European scientists find new high-pressure mineral donwilhelmsite from moon
New Delhi : The European scientists have discovered a new high-pressure mineral donwilhelmsite from the moon in a lunar meteorite.
This is for the first time when such a high-pressure mineral was found in meteorites with the application for terrestrial sediments dragged deep into the Earth mantle by plate tectonics. With this, the researchers will be able to study what happens to the minerals when they pass through extreme pressure of Earth's mantle.
For those who are wondering about what is donwilhelmsite, it is a rock made up of calcium, aluminium, silicon, and oxygen atoms. It was discovered within the lunar meteorite Oued Awlitis 001 found in 2014 in Western Sahara.
In the terrestrial rock cycle, donwilhelmsite is an essential agent for transporting continental crustal sediments through the transition zone of the Earth’s mantle (460-700 km depth).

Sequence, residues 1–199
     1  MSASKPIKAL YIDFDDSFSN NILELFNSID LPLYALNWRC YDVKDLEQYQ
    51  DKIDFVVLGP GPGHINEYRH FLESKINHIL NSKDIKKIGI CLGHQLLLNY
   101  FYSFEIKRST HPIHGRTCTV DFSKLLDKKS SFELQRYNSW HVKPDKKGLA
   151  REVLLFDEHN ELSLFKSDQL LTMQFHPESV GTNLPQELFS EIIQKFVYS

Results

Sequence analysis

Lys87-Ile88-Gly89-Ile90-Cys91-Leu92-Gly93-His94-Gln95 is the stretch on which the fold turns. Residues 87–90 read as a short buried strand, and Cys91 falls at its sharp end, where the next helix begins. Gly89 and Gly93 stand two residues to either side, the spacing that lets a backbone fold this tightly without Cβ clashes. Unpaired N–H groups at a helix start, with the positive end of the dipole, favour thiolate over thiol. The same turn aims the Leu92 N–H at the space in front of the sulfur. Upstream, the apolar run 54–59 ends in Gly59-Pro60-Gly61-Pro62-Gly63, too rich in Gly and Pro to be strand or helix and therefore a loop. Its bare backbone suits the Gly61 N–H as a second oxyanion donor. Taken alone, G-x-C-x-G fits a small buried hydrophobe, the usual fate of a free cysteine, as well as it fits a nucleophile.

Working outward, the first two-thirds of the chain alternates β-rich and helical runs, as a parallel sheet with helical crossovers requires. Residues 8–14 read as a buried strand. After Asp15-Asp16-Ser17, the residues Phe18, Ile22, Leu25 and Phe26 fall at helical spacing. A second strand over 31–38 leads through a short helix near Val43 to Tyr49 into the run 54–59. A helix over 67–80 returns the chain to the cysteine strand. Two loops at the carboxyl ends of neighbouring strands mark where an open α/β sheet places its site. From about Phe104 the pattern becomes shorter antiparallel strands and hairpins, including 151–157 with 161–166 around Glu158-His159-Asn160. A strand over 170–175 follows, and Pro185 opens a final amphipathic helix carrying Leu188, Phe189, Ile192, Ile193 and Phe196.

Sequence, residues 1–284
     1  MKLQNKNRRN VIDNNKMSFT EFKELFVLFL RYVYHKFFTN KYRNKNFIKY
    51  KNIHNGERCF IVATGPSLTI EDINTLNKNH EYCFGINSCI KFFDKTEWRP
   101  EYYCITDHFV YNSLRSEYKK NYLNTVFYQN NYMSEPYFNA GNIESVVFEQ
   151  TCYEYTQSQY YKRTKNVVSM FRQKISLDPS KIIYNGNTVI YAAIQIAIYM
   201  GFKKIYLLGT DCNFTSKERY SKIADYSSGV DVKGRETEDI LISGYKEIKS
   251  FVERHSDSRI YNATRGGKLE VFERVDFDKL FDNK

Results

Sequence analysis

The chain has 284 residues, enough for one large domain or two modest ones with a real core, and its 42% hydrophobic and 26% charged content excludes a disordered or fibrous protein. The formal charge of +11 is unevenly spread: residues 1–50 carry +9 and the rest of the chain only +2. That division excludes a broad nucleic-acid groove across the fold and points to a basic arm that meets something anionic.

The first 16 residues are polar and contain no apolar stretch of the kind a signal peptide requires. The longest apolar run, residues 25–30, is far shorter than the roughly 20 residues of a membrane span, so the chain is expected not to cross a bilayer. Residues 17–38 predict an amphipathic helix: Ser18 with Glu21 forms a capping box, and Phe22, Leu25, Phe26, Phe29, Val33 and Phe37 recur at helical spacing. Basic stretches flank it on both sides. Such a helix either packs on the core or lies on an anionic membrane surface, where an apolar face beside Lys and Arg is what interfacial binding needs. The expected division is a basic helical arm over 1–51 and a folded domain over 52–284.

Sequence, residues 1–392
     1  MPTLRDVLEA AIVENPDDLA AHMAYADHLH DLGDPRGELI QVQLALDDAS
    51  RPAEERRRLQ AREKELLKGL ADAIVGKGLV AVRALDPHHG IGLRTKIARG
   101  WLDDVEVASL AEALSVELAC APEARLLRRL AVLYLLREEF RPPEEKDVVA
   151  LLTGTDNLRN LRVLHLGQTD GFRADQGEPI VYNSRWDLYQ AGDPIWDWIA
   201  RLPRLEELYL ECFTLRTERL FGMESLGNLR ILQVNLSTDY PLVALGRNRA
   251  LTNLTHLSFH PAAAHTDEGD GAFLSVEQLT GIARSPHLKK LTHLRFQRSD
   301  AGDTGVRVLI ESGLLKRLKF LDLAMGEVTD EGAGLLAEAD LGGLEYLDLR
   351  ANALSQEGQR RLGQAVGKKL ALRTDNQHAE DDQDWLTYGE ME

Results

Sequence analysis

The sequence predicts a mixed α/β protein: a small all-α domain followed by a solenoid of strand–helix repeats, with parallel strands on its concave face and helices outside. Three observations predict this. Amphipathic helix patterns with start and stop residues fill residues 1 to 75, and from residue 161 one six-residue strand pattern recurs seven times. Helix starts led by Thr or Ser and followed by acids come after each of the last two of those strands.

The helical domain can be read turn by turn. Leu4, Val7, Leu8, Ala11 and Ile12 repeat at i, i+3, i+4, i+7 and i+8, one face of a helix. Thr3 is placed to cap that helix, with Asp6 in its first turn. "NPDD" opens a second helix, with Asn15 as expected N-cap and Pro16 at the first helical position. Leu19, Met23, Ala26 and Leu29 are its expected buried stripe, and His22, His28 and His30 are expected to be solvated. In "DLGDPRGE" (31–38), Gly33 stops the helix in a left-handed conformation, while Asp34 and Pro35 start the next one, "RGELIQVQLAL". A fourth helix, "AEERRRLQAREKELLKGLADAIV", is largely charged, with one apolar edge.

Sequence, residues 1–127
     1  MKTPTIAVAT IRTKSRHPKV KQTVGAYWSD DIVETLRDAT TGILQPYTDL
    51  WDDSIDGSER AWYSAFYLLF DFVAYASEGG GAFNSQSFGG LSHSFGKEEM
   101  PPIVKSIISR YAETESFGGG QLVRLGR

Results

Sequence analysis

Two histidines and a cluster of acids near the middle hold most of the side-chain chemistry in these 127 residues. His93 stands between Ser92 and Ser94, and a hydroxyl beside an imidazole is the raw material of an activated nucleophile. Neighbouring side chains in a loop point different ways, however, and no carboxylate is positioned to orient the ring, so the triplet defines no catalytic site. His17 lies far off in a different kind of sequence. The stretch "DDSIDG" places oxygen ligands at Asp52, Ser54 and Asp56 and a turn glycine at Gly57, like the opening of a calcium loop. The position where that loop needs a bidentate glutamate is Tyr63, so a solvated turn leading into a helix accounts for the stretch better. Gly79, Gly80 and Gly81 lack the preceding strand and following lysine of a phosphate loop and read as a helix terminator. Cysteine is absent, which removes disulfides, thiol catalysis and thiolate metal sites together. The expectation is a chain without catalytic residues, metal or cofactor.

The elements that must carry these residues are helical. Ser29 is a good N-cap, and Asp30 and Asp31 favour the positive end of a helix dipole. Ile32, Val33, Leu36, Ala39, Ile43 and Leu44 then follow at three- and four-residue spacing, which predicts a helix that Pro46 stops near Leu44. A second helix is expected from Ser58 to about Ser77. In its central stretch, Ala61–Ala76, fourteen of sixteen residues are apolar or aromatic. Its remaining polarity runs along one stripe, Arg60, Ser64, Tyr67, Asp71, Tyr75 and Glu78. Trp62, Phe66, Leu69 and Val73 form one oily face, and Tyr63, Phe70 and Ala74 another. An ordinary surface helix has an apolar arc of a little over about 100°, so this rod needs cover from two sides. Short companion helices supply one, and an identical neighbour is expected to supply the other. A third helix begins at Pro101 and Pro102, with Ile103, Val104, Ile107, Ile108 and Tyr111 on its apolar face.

Till date, the several Apollo and Luna missions have been able to gather around 382 kilograms of rocks and soils. Meanwhile, lunar meteorites play a significant role in helping scientists study the formation and evolution of the Moon.
Ejected by impacts onto the lunar surface and delivered to Earth, some of these meteorites experienced especially high temperatures and pressures.
Dr. Vera Assis Fernandes of The University of Manchester measured the Argon isotopic composition of lunar rocks to date their complicated history, including magmatic formation, multiple impact bombardments, and cosmic exposure rays on the lunar surface, over billions of years.
Dr. Fernandes said, "During impact bombardment, rocks like the lunar meteorite Oued Awlitis 001 experience extreme physical conditions. This often led to shock melting of microscopic areas forming veins or melt pockets within these meteorites."
"These shocking areas are of great relevance as they mirror pressure and temperature regimes similar to those prevailing in the Earth’s mantle, and therefore are natural crucibles hosting minerals that are otherwise naturally inaccessible at the Earth’s surface," she added.